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Property Update - Spring 2013



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In the land of online: land titles become computerised

By Murray McCutcheon

The land title system is becoming computerised in a bid to simplify the management of land transfer and mortgage data for consumers, business and government.  This article looks at how these major changes will affect the land title system.

How "electronic conveyancing" works

The core of the new process will be similar to how tax agents prepare an electronic tax return for clients. The tax agent prepares a paper tax return which their clients sign. The tax agent then sends an electronic representation of the tax return to the tax office, certifying that the tax return has been signed by the client.

A purpose built national system – Property Exchange Australia (PEXA), will lodge data with the titles offices in each Australian state and territory electronically, replacing paper documents.  

PEXA will allow lawyers, licenced conveyancers, regulated financiers and government authorities (called 'subscribers') to send electronic data certified as correct to the Titles Office. On receipt of the data, the Titles Office will change its title register to reflect the change of registered proprietors or changes to legal estates and interests in land.

In summary, PEXA will allow subscribers:

  • who are lawyers or conveyancers to sign and electronically lodge their clients' land title transfers, mortgages, discharges/releases of mortgages and caveats for registration at the titles office;
  • who are financiers to sign mortgages and discharges of mortgages on their own behalf, and for their customers if they certify that the customer has signed a paper mortgage or discharges;
  • to simultaneously settle and complete the transaction by paying and receiving all the financials of the conveyancing transaction including paying stamp duty, registration fees, unpaid council and water rates and land tax.

The system will not be used to complete the other aspects of conveyancing; like title investigations, vendor disclosure statements, contract preparation and negotiation, contract signing, payment of the deposit or calculation of outgoing adjustments and physical delivery of keys. Key changes

The major differences between the new PEXA system and the current paper system are:

PEXA requires a formalised client identification process. This is in place of the current systems that require or provide paper certificates of title on request. Some jurisdictions currently require an official paper certificate of title before the Titles Office registers a change of proprietor of the land or a mortgage on the title. The identification process is likely to be extended to the existing paper system.

The subscriber is required to electronically "sign" the transaction data they send as correct. This is the equivalent of ‘signing’ on behalf of the client the paper documents currently known as the transfer of land, mortgage, discharge of mortgage/release, caveat and withdrawal of caveat.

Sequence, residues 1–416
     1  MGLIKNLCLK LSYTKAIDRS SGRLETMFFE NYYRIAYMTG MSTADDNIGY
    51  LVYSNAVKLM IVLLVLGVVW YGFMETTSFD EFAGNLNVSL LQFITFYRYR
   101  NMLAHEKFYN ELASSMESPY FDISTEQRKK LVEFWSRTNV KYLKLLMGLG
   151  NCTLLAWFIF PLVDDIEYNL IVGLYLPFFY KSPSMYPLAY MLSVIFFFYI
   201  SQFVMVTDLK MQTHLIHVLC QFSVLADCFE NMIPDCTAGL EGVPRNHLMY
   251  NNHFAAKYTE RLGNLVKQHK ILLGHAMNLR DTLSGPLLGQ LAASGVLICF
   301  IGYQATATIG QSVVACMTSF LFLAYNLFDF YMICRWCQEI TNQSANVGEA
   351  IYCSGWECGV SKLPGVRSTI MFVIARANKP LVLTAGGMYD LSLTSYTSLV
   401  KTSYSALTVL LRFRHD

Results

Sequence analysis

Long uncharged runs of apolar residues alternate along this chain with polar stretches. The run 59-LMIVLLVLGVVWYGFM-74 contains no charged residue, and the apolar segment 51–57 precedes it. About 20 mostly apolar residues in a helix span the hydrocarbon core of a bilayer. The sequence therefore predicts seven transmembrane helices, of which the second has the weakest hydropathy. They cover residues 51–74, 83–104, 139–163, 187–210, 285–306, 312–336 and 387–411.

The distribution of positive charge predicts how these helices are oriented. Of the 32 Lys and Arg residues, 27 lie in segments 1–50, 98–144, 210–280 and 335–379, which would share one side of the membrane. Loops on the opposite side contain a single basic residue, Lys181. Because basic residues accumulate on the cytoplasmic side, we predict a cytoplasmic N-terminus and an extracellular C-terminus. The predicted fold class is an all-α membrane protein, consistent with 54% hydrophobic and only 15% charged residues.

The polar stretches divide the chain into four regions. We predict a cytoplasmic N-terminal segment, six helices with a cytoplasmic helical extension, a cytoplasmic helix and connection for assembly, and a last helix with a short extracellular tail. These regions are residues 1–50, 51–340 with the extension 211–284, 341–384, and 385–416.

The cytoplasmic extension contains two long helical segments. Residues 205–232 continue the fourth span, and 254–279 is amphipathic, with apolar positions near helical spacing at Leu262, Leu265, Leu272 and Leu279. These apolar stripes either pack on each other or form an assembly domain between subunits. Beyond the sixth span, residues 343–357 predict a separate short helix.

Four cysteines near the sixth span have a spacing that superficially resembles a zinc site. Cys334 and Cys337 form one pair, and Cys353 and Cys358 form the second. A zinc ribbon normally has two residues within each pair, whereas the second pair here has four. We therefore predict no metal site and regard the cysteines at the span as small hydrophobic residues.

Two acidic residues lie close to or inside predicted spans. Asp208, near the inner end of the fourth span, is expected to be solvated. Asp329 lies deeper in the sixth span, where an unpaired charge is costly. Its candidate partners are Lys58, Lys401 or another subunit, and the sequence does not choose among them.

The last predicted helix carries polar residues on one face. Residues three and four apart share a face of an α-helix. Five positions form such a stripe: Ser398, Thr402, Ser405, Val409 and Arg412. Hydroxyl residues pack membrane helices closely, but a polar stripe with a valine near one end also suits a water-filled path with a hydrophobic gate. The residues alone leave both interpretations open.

Subscribers who are lawyers or conveyancers must hold professional indemnity and fidelity insurances. The subscribers will either represent clients or act in their own right. This means that lawyers and conveyancers will generally act as agents for their clients for transfers of land. Financiers will only act for mortgages and discharges of mortgages on their own behalf but will certify that their customer has already signed a paper mortgage.

Only those who qualify as subscribers will have access to the system to ensure the quality and integrity of the data. This is similar to the way that only stockbrokers are able to transfer company shares through a stock exchange. 

Expected rollout date

A majority of land titles offices with the exception of the Australian Capital Territory are now rapidly moving towards a computerised system. The ACT is likely to be the last mainland jurisdiction to adopt the system as most ACT land titles are not the usual freehold title form of ownership.

PEXA have already lodged the first electronic transactions for mortgage documents. The Commonwealth Bank was the first bank to conduct the transactions. The National Australia Bank is expected to be the second bank.

The ability to conduct transfers of land in the system is expected to be rolled out from the second half of 2014.

Implications for clients, financiers and lawyers

Clients may find the identification process troublesome and time consuming. Similar to a passport application, a client may need to visit either the post office or their lawyers' office, and possibly their bank, to be identified. However, this is just a once off process.

  • Individuals who attest the sealing of company documents or similar authorisations will also need to be identified. 
  • Commercial clients with a large number of transactions will benefit as they are only required to be identified once every two years.

Companies which operate nationally will gain efficiencies from adopting a national system. In particular, it will be easier for financiers and individuals who buy or sell land in one state and finance the transaction in another state. 

However, land laws remain state based and contracts for sale and vendor disclosure will still be different in each state or territory.